Sylvia Acevedo grew up on a dirt road in New Mexico. Her family was poor, living “paycheck to paycheck.”
After a meningitis outbreak in her Las Cruces neighborhood nearly killed her younger sister, her mother moved the family to a different neighborhood. At her new school, young Acevedo knew no one. Until a classmate convinced her to become a Brownie Girl Scout.
And from that moment, she says, her life took on a new path.
On one camping trip, Acevedo’s troop leader saw her looking up at the stars.
“I didn’t know that there were planets,” Acevedo remembers, “I didn’t know there were constellations.” Her troop leader pointed out the Big Dipper, the Little Dipper and a few planets. Later, when the girls were earning badges, Acevedo’s leader remembered her fascination with the stars and suggested she try for her science badge.
If you have any desire to be a math or science teacher in California, there is no shortage of programs to help you achieve that goal.
In an effort to lure more people to the profession, the California Department of Education, California State University, the University of California and nonprofits such as 100Kin10 have all created programs to entice college students and mid-career professionals – especially those in the math and science fields – to become teachers.
100kin10 has a web site, “Blow Minds: Teach STEM,” that connects undergraduates with teacher preparation programs in the so-called STEM subjects: science, technology, engineering and math. And college campuses are plastered with “Teach Math!” and “Teach Science!” posters aimed not just at those majoring in math and science, but students interested in social justice as well.
The Trump administration today unveiled its “America First” budget — a plan that would make deep cuts to some student aid programs and science agencies on which colleges, their students and their researchers depend.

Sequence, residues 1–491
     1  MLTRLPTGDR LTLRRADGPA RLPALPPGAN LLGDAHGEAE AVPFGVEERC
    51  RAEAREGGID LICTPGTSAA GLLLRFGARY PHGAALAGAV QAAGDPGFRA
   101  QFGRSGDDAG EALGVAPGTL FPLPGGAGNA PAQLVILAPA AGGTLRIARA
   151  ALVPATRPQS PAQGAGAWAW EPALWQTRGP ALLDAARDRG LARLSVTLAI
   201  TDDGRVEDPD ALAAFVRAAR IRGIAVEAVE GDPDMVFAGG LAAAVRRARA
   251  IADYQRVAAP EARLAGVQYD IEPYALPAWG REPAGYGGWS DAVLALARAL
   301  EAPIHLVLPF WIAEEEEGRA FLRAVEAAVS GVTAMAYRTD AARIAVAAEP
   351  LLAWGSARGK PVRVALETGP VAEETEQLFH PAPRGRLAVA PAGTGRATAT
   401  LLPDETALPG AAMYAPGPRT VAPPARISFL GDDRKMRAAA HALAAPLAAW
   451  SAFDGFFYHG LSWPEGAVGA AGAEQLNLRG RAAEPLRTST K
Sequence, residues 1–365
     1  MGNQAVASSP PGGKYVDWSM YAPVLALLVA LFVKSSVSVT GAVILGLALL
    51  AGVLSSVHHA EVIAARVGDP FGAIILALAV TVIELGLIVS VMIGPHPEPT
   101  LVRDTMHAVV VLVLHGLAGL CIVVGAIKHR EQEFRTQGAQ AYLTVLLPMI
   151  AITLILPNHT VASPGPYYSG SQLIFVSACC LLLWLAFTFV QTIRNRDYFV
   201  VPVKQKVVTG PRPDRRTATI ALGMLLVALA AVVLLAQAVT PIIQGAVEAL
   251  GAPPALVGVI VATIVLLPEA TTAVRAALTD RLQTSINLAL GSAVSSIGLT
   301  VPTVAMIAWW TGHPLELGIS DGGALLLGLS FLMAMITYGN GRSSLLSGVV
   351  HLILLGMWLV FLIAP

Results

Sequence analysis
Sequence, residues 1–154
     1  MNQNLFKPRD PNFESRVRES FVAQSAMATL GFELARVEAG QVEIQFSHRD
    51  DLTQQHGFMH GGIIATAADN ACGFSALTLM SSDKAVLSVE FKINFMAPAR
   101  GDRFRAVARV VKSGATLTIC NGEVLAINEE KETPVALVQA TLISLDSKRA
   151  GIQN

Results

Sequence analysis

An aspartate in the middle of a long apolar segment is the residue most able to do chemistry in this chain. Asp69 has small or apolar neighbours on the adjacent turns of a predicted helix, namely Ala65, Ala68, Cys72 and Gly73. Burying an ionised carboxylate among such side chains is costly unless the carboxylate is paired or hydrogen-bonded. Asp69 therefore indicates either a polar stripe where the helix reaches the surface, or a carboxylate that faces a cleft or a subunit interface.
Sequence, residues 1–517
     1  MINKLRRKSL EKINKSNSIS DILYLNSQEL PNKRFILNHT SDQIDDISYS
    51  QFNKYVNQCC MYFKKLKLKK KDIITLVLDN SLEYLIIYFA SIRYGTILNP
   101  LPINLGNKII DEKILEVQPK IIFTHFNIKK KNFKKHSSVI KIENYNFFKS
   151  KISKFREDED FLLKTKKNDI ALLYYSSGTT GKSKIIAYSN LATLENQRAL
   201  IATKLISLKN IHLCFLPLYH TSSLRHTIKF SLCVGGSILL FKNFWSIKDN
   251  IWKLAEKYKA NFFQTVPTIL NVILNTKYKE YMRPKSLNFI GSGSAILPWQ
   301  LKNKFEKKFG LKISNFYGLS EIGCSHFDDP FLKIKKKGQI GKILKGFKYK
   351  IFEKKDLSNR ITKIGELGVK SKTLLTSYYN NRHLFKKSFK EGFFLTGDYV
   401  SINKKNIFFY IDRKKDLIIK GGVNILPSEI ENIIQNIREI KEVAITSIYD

In the U.S. Department of Education, the budget pledges level funding for Pell Grants, the primary federal program to support low-income students. Funding for historically black colleges and other minority-serving institutions would remain at current levels under the budget. The Trump administration has pledged to provide help for historically black colleges, and some leaders of HBCUs have been hoping for increases.
Texas students will continue to learn theories that challenge the scientific understanding of evolution after the State Board of Education signed off Wednesday on a preliminary version of the state’s pared-down biology curriculum.
The board, made up of 10 Republicans and five Democrats, is in the middle of whittling down the state’s voluminous curriculum standards, starting with science. Last month, a committee of mostly school district officials appointed by board members recommended paring down the language of, or removing, four standards that require the state’s high school biology students to learn about scientific phenomena that evolution can’t readily explain.
The U.S. Department of Education today issued a Dear Colleague Letter to states, school districts, schools and education partners on how to maximize federal funds to support and enhance innovative science, technology, engineering and math (STEM) education for all students.
The letter serves as a resource for decreasing the equity and opportunity gaps for historically underserved students in STEM and gives examples of how federal funds—through formula grant programs in the Elementary and Secondary Education Act, the Individuals with Disabilities Education Act and the Carl D. Perkins Career and Technical Education Act—can support efforts to improve instruction and student outcomes in STEM fields.
“Too often many of our students, especially those who are most vulnerable, do not have equitable access to high-quality STEM and computer science opportunities, which are part of a well-rounded education and can change the course of a child’s life,” said U.S. Secretary of Education John B. King Jr. “We are committed to ensuring that all students have the same opportunities to access a rigorous and challenging education. This letter will help states and their school districts use their federal funds to close opportunity gaps and improve educational outcomes for all students.”
The U.S. Department of Education announced today two grant awards totaling $25 million to Twin Cities Public Television and the Corporation for Public Broadcasting for the development of television and multimedia programs that will engage preschool and young elementary school children and their families in science and literacy-themed learning.